Newspaper Guild of Pittsburgh launches interview series to assess internal culture


The Newspaper Guild of Pittsburgh, along with our parent union The NewsGuild-CWA, is launching an interview series to assess and evaluate the culture of our local’s Pittsburgh Post-Gazette unit and identify areas of improvement inside the newsroom. 

The assessment is in response to an investigation by the Communications Workers of America that was prompted by allegations last September that former local president Michael Fuoco violated an internal policy of respect. The CWA’s mutual respect policy, which every member is expected to adhere, prohibits harassment and discrimination. 

The situation brought attention to areas of concern within the Guild at the local and national level, including concerns that people did not feel comfortable reporting harassment or misconduct, did not feel there were proper procedures in place to respond to and act on these types of reports and did not feel protected by the very body put in place to protect them.

The Guild does not tolerate harassment or discrimination of any kind and leadership at all levels is committed to making the necessary changes needed to address these concerns.

Guild leadership was stunned by the allegations against Fuoco that gave rise to the internal CWA investigation as well as those which spurred a Dec. 6, 2020, article in The New York Times. In light of the CWA investigation, Guild leaders at the local level felt it was imperative to assess the culture of our own local, especially since none of these allegations were brought to our executive committee.

National leaders and our local’s Human Rights Committee have spent the last several months setting up an assessment process that will help us create a path forward. It aims to both look back at what happened and look forward at what we can and should do differently to cultivate an atmosphere of safety.

Rebecca Feaster, a former journalist who has experience developing and delivering bias, cultural awareness and anti-sexual harassment training programs will conduct the assessment over the next several weeks. 

She has more than 25 years of experience in executive coaching, curriculum development, facilitation and consulting services. Feaster has worked as a journalist covering issues of bias, inequality and sexual harassment and has delivered diversity and inclusion-based training and consulting with the Virgina State Police, the City of Rockville, Maryland and The American Federation of State, County and Municipal Employees.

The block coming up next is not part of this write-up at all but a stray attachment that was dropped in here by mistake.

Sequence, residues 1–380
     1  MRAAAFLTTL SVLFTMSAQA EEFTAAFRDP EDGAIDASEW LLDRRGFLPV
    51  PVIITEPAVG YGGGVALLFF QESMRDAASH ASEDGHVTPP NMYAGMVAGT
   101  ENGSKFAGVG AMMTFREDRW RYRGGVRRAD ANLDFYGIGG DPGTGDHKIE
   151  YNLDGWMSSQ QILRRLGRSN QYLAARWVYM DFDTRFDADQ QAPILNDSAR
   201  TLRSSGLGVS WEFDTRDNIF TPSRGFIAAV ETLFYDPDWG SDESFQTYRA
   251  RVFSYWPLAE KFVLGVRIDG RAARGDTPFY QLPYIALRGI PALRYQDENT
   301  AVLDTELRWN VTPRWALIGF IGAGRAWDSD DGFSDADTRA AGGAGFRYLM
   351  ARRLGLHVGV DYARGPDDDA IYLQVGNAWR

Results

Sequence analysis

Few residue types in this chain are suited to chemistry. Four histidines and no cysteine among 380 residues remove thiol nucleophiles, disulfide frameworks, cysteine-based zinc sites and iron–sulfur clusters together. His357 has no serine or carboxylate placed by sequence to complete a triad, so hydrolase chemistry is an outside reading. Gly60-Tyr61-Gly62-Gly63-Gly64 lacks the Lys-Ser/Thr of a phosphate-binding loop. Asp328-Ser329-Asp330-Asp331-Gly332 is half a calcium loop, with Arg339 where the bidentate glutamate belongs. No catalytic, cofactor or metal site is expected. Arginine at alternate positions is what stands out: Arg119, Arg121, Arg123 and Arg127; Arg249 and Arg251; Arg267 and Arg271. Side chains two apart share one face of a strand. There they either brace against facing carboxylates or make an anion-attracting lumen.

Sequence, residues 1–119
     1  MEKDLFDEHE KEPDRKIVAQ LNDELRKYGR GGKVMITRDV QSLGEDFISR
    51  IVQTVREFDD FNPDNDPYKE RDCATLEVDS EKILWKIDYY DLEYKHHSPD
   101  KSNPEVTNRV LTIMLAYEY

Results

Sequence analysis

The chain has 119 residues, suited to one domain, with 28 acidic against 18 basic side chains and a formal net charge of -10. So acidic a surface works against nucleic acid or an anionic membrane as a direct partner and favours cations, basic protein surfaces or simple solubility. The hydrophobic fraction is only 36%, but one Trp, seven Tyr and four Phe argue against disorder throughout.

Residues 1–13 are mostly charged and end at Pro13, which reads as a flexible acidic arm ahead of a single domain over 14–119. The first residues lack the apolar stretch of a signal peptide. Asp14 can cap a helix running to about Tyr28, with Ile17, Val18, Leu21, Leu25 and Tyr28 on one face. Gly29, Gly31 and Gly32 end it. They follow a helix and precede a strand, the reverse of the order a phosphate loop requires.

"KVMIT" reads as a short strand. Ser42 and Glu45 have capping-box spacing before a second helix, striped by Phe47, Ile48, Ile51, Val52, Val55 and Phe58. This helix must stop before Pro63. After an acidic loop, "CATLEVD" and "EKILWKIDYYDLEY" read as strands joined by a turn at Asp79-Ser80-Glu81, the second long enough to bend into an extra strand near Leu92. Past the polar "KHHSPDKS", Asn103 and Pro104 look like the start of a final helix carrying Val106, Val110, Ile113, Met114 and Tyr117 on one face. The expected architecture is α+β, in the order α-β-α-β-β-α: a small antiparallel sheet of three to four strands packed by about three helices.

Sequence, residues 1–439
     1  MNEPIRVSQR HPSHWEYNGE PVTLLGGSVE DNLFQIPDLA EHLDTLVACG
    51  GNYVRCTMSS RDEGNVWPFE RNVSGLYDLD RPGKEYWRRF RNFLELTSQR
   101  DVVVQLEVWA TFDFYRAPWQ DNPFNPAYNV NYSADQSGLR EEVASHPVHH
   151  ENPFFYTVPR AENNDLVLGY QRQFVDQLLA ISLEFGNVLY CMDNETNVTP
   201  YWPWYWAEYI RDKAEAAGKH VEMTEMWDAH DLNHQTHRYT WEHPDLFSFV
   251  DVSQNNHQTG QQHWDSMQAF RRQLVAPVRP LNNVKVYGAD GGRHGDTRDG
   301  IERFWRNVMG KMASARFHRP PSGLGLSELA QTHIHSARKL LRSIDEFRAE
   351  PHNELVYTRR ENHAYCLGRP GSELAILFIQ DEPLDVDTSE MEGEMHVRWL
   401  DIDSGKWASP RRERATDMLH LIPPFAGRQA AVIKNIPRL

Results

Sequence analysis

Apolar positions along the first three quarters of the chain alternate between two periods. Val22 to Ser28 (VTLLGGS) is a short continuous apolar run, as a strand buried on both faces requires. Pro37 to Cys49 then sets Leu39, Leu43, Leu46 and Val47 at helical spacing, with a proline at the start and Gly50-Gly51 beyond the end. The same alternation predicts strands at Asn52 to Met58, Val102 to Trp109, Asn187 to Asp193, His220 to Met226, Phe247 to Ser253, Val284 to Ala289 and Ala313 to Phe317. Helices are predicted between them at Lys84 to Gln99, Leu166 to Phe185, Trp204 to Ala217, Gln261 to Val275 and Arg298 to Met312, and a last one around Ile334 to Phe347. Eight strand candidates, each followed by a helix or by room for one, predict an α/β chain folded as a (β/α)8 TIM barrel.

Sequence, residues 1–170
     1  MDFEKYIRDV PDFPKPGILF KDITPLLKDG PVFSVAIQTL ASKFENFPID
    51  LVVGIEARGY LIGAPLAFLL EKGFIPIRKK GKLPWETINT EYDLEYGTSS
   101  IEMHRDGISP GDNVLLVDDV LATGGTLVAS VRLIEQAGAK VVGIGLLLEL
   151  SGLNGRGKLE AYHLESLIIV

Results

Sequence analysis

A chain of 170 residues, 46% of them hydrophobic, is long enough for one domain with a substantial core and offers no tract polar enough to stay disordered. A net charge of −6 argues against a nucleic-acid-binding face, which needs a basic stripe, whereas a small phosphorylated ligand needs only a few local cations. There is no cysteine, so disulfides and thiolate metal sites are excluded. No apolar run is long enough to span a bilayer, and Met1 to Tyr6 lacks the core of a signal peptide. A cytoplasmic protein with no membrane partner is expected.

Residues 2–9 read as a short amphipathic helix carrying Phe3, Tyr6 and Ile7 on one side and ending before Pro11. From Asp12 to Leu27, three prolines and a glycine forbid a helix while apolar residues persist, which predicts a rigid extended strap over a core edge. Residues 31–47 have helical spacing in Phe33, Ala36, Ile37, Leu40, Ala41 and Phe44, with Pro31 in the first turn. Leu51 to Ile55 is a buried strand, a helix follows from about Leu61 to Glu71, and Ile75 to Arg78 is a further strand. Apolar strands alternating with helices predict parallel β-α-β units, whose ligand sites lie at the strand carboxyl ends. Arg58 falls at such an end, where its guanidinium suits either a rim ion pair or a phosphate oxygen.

TNG lawyer Barbara Camens recommended Feaster for this role. 

Feaster will interview former and current members with a pre-set list of questions that will prompt interviewees to share their experiences and shed light on the types of processes they feel should be put in place.

All the interviews will be anonymous.

Following the interviews, Feaster will release a public report that details what she has learned while keeping the identities of all interviewees anonymous. Based on members’ feedback, she will make a set of suggestions for how the Guild should improve its culture and its procedures moving forward. Those suggestions will be tailored to the Pittsburgh local but can act as a framework for other parts of the Guild looking to update their own policies and procedures.

This has been a monthslong process and Guild leadership is happy to see it coming to fruition.

“I strongly urge all Guild members to participate in this assessment,” said Guild President Lacretia Wimbley. “This is such a necessary step, and with the help of TNG, your Guild leaders decided to hire a third-party consultant to hear your accounts and concerns regarding the culture of our Guild. The only way we gain clarity and begin to heal is by being open and honest in this process. I implore everyone to participate and share.”

“This has been a learning process for all of us and we still have a lot of work to do,” NewsGuild-CWA President Jon Schleuss said. “Every one of us must be dedicated to creating a safe union for all of our members. I encourage folks to participate so we can improve our culture and make sure our union is safe for every member.” 

Schleuss first heard credible allegations against Fuoco last September when he received a call from a woman regarding misconduct by Fuoco. The next day, he contacted local Guild leadership and briefed members on the nature and gravity of the allegations. Fuoco resigned from the Guild that evening and later retired from the Post-Gazette.

This assessment will build off the initial investigation from CWA, which was opened in September and closed in December, and have a forward-looking approach that focuses on what the Guild can do differently to better protect members.

In the end, we hope it results in new policies, procedures and systems that will enable members to come forward with concerns about harassment and misconduct and enable the Guild to take action immediately. We hope it fosters a culture where members know how to identify and prevent harassment, where survivors feel protected and where leadership is held accountable.

The assessment should conclude sometime this summer. Armed with feedback and suggestions, the Pittsburgh local is committed to creating an environment where members feel safe and protected. We are the first line of defense for our members not only when it comes to management and contract negotiations; we are ready to make the necessary changes to act as a more effective line of defense for protection against harassment, discrimination and misconduct against any members.

We are eager to get started. 

In solidarity,
The executive committee of the Newspaper Guild of Pittsburgh
Alyssa Brown, Lauren Rosenblatt, Lacretia Wimbley, Zack Tanner, Jonathan Silver, Ed Blazina, Melissa Tkach, Ashley Murray, Patti Sabatini, Tyler Dague and Dan Gigler  

For questions or media requests, please email with a subject line “Listening Series”.